Reactor isn't aging gracefully

Asbury Park Press

May 2, 2009

One week after the Nuclear Regulatory Commission declared, despite evidence to the contrary, that the 40-year-old Oyster Creek nuclear reactor was fit as a fiddle and licensed it for another 20 years, the plant immediately began showing signs of its age.

Those signs are disturbing, not only because the plant isn't getting any younger, but because they strongly suggest the NRC review of the plant was far less than exhaustive and its aging management plan sorely deficient.

The problems began about two weeks ago with the discovery of radioactive tritium at levels five times greater than the EPA's limits for drinking water in a monitoring well on the property. One week ago, plant workers shut down the reactor after one of its main transformers failed. The transformer, which had been used previously at another site, had been installed in February as a replacement.

On Wednesday, plant and federal officials announced that levels of tritium up to 300 times higher than the federal standard were found in four of the five monitoring wells that had been dug to help zero in on the source of the tritium leaks. A plant spokesman said holes in two pipes in the maze of below-ground piping that is part of Oyster Creek's water management system were discovered and repaired. State environmental officials said Thursday that inspections were ongoing and they were determining whether there were any violations of state pollution regulations.

No assurances were given that all the sources of the contamination, which has entered the aquifer, had been identified. Plant officials and the state said there was no evidence the contamination has migrated off-site or into the discharge canal leading into Barnegat Bay. But there is no guarantee it will remain on-site. In the meantime, the plant remains shut down and will stay out of operation until state and federal officials are satisfied the situation is under control.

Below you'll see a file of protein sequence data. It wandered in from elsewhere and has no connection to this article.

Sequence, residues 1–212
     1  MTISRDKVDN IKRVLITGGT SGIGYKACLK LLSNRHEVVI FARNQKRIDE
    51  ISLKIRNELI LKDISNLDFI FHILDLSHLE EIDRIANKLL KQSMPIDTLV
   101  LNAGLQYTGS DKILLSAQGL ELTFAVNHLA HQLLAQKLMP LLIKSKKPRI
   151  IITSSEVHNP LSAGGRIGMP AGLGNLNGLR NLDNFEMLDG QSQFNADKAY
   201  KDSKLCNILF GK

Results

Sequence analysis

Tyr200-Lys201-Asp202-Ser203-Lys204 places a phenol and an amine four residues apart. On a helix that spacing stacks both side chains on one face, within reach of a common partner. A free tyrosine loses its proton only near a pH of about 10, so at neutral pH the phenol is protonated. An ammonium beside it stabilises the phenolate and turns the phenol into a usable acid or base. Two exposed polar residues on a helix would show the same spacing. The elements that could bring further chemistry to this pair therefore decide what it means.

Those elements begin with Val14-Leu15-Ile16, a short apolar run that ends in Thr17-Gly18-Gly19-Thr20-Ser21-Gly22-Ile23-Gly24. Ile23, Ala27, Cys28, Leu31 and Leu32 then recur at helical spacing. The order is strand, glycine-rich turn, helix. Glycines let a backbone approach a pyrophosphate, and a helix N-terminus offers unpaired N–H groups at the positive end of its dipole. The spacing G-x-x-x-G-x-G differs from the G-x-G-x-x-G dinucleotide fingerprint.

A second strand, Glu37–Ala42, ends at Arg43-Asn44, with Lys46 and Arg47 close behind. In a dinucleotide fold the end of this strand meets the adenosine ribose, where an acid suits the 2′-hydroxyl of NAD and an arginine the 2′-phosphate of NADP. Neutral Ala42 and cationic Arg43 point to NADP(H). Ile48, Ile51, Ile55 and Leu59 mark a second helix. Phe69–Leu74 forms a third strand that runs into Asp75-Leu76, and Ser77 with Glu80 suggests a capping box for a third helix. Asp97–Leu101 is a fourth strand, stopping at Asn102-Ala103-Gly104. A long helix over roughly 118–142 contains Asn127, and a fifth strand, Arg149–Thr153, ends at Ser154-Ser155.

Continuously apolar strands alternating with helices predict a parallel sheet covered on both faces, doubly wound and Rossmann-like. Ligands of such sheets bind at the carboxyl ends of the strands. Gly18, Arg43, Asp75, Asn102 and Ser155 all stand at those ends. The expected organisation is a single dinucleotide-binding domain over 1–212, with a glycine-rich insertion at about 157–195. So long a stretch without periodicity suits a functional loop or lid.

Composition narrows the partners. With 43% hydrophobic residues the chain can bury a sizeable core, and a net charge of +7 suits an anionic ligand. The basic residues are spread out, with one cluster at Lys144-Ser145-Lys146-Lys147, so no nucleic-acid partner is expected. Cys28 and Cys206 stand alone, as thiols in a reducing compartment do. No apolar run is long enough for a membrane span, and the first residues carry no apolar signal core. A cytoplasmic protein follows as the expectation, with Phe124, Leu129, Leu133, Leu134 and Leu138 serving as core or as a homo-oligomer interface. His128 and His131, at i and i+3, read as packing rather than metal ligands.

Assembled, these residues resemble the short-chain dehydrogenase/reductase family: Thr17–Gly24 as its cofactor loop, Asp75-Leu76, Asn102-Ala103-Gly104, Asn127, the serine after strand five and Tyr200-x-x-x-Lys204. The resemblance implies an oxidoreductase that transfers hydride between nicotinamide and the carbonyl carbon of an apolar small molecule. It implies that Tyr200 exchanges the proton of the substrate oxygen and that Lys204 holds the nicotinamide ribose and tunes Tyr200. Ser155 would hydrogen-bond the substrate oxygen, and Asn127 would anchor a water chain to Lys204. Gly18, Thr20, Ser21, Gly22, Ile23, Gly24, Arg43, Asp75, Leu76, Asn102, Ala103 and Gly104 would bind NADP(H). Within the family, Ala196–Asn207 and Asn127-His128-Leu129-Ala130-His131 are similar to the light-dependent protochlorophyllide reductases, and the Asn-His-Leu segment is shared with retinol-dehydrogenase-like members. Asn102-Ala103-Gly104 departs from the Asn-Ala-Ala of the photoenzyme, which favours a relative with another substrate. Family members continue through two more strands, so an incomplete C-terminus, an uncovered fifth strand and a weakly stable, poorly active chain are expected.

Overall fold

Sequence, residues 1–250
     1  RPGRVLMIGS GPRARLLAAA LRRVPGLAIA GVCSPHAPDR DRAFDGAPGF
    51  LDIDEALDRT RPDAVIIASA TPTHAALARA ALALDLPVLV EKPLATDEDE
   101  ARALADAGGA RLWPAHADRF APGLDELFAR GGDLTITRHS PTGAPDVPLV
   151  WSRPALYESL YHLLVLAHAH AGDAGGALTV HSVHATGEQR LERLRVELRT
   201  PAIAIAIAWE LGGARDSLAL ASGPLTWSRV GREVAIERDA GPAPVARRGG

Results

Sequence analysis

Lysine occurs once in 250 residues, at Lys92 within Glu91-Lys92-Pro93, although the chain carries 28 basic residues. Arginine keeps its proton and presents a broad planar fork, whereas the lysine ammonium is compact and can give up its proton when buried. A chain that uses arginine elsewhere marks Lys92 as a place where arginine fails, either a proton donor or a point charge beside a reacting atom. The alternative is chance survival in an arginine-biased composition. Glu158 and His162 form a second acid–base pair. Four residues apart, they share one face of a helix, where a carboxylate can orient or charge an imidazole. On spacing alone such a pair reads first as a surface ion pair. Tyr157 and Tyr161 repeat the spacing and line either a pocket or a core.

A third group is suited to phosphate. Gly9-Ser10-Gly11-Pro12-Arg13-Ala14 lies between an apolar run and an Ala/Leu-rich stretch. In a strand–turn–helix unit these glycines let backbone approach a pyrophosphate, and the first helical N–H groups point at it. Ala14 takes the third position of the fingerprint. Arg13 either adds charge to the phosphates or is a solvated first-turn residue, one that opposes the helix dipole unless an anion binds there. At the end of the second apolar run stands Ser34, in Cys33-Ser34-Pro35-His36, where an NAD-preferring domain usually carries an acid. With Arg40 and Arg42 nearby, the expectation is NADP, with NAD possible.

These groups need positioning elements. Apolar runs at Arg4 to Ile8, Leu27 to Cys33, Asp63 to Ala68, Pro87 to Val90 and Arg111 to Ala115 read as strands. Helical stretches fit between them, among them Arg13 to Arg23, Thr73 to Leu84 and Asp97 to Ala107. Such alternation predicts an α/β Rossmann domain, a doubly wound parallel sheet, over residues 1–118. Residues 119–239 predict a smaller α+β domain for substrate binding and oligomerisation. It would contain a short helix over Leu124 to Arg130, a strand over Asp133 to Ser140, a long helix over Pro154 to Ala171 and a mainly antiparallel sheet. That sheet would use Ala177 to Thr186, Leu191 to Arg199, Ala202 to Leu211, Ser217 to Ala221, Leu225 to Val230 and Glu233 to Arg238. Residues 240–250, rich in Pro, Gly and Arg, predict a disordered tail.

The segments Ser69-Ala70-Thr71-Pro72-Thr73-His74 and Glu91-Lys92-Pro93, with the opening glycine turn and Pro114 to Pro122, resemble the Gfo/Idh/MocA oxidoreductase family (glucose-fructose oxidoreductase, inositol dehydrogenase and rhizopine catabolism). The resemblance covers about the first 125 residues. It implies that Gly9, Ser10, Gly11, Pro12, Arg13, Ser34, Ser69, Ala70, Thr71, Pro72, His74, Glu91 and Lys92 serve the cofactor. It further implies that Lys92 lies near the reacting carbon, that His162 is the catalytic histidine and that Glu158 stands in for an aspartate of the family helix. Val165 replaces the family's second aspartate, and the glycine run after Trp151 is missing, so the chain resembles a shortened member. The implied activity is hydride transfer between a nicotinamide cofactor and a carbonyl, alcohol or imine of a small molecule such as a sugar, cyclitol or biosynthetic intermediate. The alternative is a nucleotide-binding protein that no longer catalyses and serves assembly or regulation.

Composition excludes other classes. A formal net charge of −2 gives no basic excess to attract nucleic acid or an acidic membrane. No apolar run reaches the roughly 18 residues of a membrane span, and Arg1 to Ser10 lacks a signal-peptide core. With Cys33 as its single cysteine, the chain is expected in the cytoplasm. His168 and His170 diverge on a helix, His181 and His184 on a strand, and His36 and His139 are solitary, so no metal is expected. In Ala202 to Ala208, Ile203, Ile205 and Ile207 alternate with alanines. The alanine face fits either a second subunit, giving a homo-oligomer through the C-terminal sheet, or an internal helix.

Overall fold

If the activists who have been gamely fighting Oyster Creek's continued operation were wavering about whether to go to court to appeal the NRC's relicensing of the plant before all the relevant concerns about its safety and the rigor of its aging management plan were addressed, the recent breakdowns at the plant should make the decision easy.

At the same time, Gov. Jon Corzine should instruct his Department of Environmental Protection to use every means necessary, including litigation, to ensure the plant is being safely operated. And freshman Rep. John Adler, D-N.J., who stated during his campaign that if the NRC declares the plant is safe, it must be safe, needs to start making independent judgments about the risks posed by Oyster Creek and begin clamoring for further scrutiny of the NRC's relicensing process.

It's too early to tell just how serious the tritium leaks are. But it's evident the NRC has failed to adequately inspect many of the critical components of the reactor — particularly those beneath ground. Corzine, the DEP and New Jersey's congressional representatives must insist the plant remain closed until more rigorous inspections of the plant's key systems are conducted and an independent analysis of the adequacy of the plant's aging management plan has been performed.